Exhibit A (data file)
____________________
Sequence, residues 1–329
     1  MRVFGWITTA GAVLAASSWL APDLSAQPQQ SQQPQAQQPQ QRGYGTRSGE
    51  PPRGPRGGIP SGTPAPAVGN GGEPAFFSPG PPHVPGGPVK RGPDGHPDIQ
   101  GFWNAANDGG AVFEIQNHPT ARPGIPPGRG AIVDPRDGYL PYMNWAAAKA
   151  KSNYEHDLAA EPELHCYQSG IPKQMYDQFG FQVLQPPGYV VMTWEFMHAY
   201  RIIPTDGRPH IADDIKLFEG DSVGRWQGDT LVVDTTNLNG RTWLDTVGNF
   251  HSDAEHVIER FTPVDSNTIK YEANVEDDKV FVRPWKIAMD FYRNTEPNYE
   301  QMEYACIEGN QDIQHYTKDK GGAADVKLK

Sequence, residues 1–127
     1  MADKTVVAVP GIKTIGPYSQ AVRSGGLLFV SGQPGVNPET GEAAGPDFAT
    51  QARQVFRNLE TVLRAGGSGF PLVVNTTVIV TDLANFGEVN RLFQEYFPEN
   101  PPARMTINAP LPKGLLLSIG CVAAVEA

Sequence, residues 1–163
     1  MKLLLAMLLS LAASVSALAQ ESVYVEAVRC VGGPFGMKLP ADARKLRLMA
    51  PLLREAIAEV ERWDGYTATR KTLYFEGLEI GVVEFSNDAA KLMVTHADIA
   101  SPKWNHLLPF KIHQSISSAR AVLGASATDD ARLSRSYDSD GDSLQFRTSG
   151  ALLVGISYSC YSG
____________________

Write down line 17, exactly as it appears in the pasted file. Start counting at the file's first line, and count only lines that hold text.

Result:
   151  ALLVGISYSC YSG